Section 3 shows that the TS methodology is mathematically equivalent to a
particular implementation of the EM methodology as described for example by
Coles (2001), Izaguirre et al. (2011), Menéndez et al. (2009), and Sartini
et al. (2015). For the sake of completeness, we show here the results of a
comparison between the performances of TS and of a different formulation of
the EM methodology. In its formulation, the parameters of the non-stationary
GEV of the monthly maxima are expressed as

Seasonal cycle estimated by TS methodology and by the EM for the series of significant wave
height of La Spezia and Ortona. The red continuous (dashed) line represents
the location parameter

Return levels for La Spezia and Ortona for the month of January, estimated by the TS methodology (black continuous line) and by the EM (black dashed line). The green area represents the 95 % confidence interval estimated by the TS approach.

In the comparison, the EM and the seasonal TS methodology (GEV only) were
applied to the same series of significant wave heights relative to the
WWIII_MED data set described in Sect. 2.3. For the transformed-stationary
approach, a 10-year time window was used for the computation of the long-term trend.
The results of the two methodologies are similar, with a roughly flat trend
and strong seasonal pattern. The comparison of the seasonal cycles estimated
by the two techniques is represented in Fig. 10
for the two series. Here, the continuous red and green lines are the
location and scale parameters (

The GEV parameters estimated by the two approaches are in good agreement.
The small differences have relatively small impact on the return levels as
one can see in Fig. 11, where the return levels
estimated by the two methodologies for the month of January are plotted. For
both series, the return levels estimated by EM lie within the 95 %
confidence interval estimated by TS. Table 4
reports the values of normalized bias (NBI) between the return levels
estimated by TS and EM, defined as in Eq. (61), and
the mean 95 % confidence interval amplitude expressed as a percentage of
the return level. In Table 4 the values of NBI are reported for the four
seasons for return periods of 5, 10, 30, 50, and 100 years, for both La
Spezia and Ortona. In the definition of seasons that is used, winter starts
on 1 December, spring on 1 March, summer on 1 June, and
autumn on 1 September. We did not report return levels of periods
greater than 100 years because the extension of the data covers only 35
years, hence the estimates for such periods are inaccurate for both
methodologies. The average deviation between RL

Normalized bias between the return levels estimated by the TS methodology and the EM methodology for the estimation of the seasonal variations, and mean 95 % confidence interval amplitude expressed as percentage of the return level, for return periods of 5, 10, 30, 50, and 100 years, for the four seasons, for significant wave height in La Spezia and Ortona.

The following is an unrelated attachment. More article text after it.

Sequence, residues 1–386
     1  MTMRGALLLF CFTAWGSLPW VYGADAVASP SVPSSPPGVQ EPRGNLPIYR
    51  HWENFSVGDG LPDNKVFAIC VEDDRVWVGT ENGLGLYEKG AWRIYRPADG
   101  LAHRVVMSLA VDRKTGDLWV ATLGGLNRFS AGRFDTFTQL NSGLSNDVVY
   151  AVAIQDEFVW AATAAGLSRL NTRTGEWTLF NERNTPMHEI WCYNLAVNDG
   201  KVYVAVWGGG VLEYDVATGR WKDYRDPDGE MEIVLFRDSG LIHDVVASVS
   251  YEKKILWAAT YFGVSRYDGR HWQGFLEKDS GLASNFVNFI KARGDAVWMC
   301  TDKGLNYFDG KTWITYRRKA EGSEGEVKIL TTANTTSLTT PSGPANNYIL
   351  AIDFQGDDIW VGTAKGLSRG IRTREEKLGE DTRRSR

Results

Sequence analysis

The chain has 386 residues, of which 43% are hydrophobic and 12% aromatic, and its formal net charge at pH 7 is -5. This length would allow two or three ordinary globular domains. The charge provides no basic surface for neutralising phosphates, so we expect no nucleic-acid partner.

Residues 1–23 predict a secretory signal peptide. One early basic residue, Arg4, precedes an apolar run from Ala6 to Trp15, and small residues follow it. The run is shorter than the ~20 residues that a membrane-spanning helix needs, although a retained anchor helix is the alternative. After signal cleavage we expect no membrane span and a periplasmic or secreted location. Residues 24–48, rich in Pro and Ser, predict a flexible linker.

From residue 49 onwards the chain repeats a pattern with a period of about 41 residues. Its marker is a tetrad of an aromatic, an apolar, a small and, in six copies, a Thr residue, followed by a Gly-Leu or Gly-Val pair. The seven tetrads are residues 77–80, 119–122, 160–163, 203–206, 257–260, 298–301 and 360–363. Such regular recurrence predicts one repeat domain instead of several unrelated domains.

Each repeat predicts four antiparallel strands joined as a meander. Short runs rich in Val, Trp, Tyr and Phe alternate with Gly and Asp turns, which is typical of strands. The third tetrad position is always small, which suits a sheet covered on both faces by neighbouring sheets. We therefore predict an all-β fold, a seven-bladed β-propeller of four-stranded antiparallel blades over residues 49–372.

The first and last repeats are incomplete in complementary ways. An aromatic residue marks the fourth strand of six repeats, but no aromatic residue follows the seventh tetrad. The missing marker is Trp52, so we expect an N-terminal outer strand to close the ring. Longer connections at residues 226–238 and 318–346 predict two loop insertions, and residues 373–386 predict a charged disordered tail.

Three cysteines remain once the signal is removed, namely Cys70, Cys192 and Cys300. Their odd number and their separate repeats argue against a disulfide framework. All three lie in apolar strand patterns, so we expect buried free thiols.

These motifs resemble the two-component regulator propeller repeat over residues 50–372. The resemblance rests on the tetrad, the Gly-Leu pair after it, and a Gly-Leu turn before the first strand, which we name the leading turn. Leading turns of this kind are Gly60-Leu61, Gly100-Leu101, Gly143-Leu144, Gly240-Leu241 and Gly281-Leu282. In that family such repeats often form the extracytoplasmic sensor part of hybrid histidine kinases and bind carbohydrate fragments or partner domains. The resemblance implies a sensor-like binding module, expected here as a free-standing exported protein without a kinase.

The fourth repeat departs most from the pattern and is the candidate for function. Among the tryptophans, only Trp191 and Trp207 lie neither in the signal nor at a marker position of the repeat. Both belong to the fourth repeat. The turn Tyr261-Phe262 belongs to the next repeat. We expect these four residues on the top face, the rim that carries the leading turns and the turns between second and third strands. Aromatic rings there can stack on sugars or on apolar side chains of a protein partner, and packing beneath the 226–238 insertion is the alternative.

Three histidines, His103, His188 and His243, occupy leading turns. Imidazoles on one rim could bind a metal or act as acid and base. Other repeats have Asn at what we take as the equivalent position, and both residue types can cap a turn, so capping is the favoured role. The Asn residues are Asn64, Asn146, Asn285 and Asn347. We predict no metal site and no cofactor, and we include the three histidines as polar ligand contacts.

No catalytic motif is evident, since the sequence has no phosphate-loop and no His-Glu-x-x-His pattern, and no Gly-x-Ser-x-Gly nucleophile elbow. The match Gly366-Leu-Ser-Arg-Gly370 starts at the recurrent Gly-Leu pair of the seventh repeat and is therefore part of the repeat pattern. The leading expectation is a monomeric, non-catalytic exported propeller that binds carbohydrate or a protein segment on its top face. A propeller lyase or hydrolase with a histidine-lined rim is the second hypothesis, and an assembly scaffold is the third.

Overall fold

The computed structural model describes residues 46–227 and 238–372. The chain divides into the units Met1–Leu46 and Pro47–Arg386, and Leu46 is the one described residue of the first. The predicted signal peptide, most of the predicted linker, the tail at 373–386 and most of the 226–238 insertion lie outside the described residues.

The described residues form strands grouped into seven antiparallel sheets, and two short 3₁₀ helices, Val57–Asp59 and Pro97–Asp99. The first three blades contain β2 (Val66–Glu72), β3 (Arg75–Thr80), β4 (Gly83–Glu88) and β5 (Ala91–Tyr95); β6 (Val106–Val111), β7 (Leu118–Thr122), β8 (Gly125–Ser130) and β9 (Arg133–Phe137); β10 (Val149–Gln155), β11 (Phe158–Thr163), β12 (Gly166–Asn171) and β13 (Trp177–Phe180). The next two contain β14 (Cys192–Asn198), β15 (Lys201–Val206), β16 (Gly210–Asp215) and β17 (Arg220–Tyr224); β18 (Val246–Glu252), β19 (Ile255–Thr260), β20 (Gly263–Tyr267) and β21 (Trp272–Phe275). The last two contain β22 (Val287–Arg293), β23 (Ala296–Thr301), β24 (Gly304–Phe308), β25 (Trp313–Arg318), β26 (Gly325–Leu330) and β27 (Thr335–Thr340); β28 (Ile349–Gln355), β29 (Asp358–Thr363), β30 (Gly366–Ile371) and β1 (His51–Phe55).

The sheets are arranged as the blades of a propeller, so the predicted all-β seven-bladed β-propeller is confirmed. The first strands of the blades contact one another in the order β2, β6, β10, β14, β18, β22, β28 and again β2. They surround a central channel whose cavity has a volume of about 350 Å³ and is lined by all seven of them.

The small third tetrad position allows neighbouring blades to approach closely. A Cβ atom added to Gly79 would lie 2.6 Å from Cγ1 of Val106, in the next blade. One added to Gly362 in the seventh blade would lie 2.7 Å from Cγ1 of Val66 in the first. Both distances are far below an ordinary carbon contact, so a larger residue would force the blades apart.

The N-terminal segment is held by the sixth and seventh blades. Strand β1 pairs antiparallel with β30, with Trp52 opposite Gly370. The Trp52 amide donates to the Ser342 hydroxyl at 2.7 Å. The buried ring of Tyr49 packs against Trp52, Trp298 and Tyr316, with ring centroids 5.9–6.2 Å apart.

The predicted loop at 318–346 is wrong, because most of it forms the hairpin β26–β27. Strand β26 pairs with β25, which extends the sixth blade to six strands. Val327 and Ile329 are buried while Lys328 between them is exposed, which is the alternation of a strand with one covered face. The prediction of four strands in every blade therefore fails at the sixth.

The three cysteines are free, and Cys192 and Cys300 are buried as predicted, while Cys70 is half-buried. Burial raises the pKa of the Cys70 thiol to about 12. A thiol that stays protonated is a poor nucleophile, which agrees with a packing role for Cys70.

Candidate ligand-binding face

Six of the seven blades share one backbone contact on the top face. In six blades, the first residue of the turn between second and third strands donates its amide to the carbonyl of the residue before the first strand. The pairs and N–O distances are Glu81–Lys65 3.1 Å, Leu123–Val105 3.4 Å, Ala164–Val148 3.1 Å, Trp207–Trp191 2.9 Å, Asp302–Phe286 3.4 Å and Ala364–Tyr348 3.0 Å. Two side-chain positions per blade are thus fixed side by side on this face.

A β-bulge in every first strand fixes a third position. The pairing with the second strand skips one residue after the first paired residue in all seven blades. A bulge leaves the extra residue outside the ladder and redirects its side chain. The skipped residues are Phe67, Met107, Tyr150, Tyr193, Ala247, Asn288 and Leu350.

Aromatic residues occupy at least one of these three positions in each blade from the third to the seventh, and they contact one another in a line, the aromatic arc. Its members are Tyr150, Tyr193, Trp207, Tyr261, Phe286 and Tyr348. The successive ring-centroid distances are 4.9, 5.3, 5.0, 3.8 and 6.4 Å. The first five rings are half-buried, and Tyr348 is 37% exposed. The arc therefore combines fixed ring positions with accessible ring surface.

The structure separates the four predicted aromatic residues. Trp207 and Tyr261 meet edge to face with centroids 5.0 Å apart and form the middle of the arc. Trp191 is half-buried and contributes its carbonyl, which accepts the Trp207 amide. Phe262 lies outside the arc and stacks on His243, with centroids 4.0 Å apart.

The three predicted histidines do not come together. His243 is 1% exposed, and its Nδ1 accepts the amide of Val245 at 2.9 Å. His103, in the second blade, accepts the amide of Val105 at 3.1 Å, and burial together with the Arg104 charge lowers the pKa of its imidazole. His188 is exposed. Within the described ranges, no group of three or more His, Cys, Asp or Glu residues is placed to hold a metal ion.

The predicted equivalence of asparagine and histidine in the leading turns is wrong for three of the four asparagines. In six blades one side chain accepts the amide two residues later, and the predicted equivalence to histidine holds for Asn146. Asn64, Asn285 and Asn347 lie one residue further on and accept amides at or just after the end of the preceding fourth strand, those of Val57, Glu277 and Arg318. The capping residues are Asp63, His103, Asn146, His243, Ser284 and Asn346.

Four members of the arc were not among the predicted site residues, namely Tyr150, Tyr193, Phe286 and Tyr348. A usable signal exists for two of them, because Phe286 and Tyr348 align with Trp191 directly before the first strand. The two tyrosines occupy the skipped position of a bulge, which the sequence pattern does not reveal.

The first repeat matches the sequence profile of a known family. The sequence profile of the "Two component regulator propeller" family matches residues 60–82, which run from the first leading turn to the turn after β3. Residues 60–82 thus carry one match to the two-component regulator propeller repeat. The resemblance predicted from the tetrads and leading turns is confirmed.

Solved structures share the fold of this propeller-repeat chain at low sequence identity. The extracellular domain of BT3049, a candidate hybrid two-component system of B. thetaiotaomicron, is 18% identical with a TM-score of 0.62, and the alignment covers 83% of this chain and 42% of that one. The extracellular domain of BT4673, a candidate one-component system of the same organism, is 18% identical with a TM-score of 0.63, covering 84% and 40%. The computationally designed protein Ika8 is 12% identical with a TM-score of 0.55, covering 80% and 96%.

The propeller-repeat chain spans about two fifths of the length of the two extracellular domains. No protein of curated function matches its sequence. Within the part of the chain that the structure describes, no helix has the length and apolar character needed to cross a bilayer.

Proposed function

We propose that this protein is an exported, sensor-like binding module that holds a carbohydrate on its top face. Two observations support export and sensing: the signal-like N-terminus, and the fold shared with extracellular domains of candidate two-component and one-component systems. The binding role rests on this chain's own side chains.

Extreme value analysis is a subject of broad interest not only for earth science but also for other disciplines such as economy and finance (e.g., Gençay and Selçuk, 2004; Russo et al., 2015), sociology (e.g., Feuerverger and Hall, 1999), geology (e.g., Caers et al., 1996), and biology (e.g., Williams, 1995), among others. As a consequence, non-stationarity of signals is a common problem (e.g., Gilleland and Ribatet, 2014). In this respect, it is important to stress that the TS methodology is general, and its applicability only requires the stationarity of the transformed signal. Therefore, even if in this study the technique was applied only to series related to earth science, it can be employed in all disciplines dealing with extremes.

Given that the extreme value statistical model is an important component of
applications such as those discussed here (e.g., Coles, 2001; Hamdi et al.,
2014), it is important to stress that the theory was formulated in a way that
is not restricted to GEV and GPD, but can be extended to any statistical
model for extreme values. In particular, since the GEV distribution is a
generalization of the Gumbel, Frechet, and Weibull statistics, TS can be
reformulated separately for these three distributions, as well as for the
commonly used

The transformation consists in simple, time-varying normalization of the signal through the estimation of trend, slowly varying standard deviation and seasonality, and allows different types of analysis. The first product of the methodology is its capability to estimate the extreme values of the signal. Next, the TS approach enables the analysis of long-term variability. As an example, it was shown to be useful in relating the long-term trend of the signal with the NAO climatic index (see Sect. 3.3). Finding correlations of natural parameters with climatic indices is a theme of common interest in earth science, especially in view of climate change (e.g., Barnard et al., 2015; Dodet et al., 2010; Plomaritis et al., 2015). If a time series is correlated to a climatic index in the long term, an advantage of the TS methodology is that it can model extremes correlated to the index without considering it explicitly in the computation. Finally, the TS methodology allows to describing the seasonal variability of extremes, which is also critical for climate studies (e.g., Sartini et al., 2015; Menendez et al., 2009; Méndez et al., 2006).

As shown in Sect. 4, the TS methodology has advantages over SS
(e.g., Vousdoukas et al., 2016a) and EM (e.g., Cheng et al., 2014; Gilleland
and Katz, 2016; Izaguirre et al., 2011; Méndez et al., 2006; Menéndez
et al., 2009; Mudersbach and Jensen, 2010; Russo et al., 2014; Sartini et
al., 2015), both in terms of accuracy of the results and its conceptual and
implementation simplicity. In particular, in the comparison with the SS
methodology for long-term variability, the return levels estimated by the two
techniques are similar for return periods for which the SS is accurate. The
use of the whole time horizon of the series represents a major advantage of
TS over SS because it allows more accurate estimations of the return levels
associated with long return periods. A conceptual advantage of the TS